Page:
Pickle recipes suitable for cucumber, squash

Published 1:59 am Wednesday, July 11, 2007

By Staff
You can always tell what season it is by the phone calls and requests we get for recipes. Right now it's pickling season.
Irene Jennings of Brewton is &#8220busy, busy, busy” with the bumper crop of vegetables her husband is harvesting. Irene quickly stated that since her husband Otis retired, he is busy farming, picking and doing all the shelling. She feels that she has the good part of the deal - &#8220putting it up!” So far, she and her friend Marie Bowman have put up over 100 quarts of Butter Beans, Dill Pickles, Pickle Okra, Bread and Butter Squash Pickles and Relishes. They prefer using the quart size jars for pickling because the pint size jars don't last long around her house.
Here are three of Irene's favorite recipes that are in The Food Preservation in Alabama cookbook. This book has the best food safety tips, the latest research based information and recipes for canning, freezing, making jams, jellies, drying, as well as making pickles and relishes. You may purchase a copy for only $8.00 from our office in Brewton – right behind Southern Pine Electric Cooperative on HWY 31 South; or in Atmore at Central Farm Supply. This book will make a great gift too!
Fresh-Packed Dill Pickles
17 pound cucumbers, 3 to 5 in. long  
9 cups water  
2 gallon water
2 tbsp. whole pickling spices
1 1/2 cup pure granulated salt
14 teaspoon whole mustard vinegar seed
6 cups cider vinegar
7 to 14 cloves garlic  
3 /4 cup pure granulated salt
21 heads fresh or dried dill plant (or 7 T. dillseed)
1 /4 cup sugar
Wash cucumbers thoroughly; scrub with vegetable brush, and drain. Mix 2 gallons of water and 1-1/2 cups salt together thoroughly, and cover cucumbers. Let sit overnight; drain.
Combine vinegar, salt, sugar, and water. Tie mixed pickling spices in a thin, white cloth. Add to vinegar mixture, and heat to boiling. Pack 7 to 10 cucumbers into each clean, hot, quart-sized standard canning jar. Add to each quart jar 2 teaspoons whole mustard seed, 1 or 2 cloves of garlic, and 3 heads of dill plant (or 1 tablespoon dillseed). Cover with boiling liquid to within 1/2 inch of top of the jar. Wipe jar mouth. Adjust lid. Process in boiling waterbath canner (212 degrees) for 20 minutes. (Start counting the processing time as soon as the hot jars are placed in the actively boiling water.)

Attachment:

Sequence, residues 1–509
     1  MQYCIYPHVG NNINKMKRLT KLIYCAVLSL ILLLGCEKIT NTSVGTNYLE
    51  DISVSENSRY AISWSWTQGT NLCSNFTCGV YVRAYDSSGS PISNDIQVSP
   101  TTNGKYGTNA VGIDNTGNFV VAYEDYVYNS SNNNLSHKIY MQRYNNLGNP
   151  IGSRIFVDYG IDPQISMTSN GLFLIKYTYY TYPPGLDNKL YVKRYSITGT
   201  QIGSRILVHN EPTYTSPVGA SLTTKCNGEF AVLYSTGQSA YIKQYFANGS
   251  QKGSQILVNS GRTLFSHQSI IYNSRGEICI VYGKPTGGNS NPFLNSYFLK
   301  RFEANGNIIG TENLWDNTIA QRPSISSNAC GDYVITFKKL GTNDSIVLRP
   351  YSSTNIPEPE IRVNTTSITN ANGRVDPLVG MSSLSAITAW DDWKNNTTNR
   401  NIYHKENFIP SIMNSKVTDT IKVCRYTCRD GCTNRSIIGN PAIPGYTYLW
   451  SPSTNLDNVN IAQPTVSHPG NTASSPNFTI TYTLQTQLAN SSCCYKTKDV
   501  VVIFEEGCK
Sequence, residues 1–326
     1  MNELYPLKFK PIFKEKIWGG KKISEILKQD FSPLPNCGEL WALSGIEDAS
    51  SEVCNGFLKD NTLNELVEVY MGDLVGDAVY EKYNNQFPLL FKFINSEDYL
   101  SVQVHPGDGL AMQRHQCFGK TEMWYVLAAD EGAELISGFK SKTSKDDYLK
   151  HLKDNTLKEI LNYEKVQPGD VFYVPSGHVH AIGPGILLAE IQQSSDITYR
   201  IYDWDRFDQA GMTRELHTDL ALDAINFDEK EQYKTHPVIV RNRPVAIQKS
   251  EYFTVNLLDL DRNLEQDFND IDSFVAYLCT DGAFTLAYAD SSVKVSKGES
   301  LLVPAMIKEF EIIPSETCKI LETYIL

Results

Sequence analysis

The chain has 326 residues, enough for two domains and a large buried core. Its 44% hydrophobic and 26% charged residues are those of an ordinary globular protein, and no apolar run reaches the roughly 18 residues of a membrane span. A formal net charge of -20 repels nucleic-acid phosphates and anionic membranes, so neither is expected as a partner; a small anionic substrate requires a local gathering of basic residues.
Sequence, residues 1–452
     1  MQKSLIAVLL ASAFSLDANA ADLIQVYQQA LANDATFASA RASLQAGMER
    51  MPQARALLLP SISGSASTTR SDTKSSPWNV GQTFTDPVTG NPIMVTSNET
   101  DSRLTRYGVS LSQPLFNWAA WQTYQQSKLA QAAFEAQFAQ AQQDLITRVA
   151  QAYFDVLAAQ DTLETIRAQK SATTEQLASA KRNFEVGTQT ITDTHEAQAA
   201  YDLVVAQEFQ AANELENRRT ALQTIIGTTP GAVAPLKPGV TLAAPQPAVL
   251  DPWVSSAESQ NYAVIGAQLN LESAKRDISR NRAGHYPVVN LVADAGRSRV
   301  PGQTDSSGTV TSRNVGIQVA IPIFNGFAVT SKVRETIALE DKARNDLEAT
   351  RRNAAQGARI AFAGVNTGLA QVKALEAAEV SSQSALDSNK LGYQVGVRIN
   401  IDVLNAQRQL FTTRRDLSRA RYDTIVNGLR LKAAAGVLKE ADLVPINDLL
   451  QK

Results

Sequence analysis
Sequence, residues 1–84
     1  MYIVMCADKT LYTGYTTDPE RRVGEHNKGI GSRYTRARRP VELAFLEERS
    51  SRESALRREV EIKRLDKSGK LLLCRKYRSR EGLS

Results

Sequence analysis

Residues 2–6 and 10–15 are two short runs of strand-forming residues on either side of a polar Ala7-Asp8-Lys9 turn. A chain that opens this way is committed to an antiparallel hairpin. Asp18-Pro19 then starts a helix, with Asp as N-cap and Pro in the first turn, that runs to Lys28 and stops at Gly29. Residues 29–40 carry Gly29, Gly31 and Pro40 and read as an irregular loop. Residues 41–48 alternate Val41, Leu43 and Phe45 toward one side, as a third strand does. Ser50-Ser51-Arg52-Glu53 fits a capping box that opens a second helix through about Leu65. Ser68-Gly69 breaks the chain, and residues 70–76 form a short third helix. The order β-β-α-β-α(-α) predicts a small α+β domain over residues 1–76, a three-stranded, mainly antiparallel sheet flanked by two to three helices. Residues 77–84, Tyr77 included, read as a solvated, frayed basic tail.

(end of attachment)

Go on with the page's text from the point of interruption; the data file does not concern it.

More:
Yield: 7 quarts  
Pickled Okra
2 Tablespoon salt
1 cup cider vinegar  
2 teaspoon dillseed
1 /4 cup water  
4 garlic cloves
2 pods hot pepper
Boil pint-sized standard canning jars for 15 minutes. Wash okra, using a vegetable brush. Bring the vinegar, water, and salt to a boil. Remove hot jars, and place washed okra in each jar. Add to each pint jar 1 teaspoon dillseed, 2 garlic cloves, and 1 pod of hot pepper. Pour boiling liquid mixture into each jar, covering okra. Leave 1/2 inch headspace. Wipe jar mouth. Adjust lid. Process in boiling waterbath canner (212 degrees F) for 5 minutes. Pickled okra will be ready to use in 4 to 6 weeks. Yield: 2 pints  
Important: If there is any sign of spoilage, discoloration, odor, etc., burn the contents. Clostridium botulinum, a very poisonous bacterium, is present in vegetables. These bacteria are generally destroyed at 10 pounds pressure for a given time; however, this recipe does not use pressure as a method of preserving. These bacteria do not readily live in an acid liquid, but it is possible. Therefore, it is extremely important that this pickled okra be given special care.
Bread and Butter Squash Pickles
8 cup thinly sliced yellow summer squash  
3 cup sugar
2 cups thinly sliced onions  
2 teaspoon celery seed
2 tbsp. salt (not iodized)  
2 teaspoon mustard seed
2-1/2 cup cider vinegar
4 sweet bell peppers, thinly sliced
Combine squash and onions. Sprinkle with salt. Set aside 1 hour. Drain off liquid. Combine vinegar, sugar, celery seed, mustard seed, and pepper. Bring to a hard boil. Add squash mixture. Bring to a boil. Pack into hot, pint-sized standard canning jars. Adjust lids and bands. Process in boiling waterbath canner (212 degrees) for 5 minutes. Yields about 6 pints.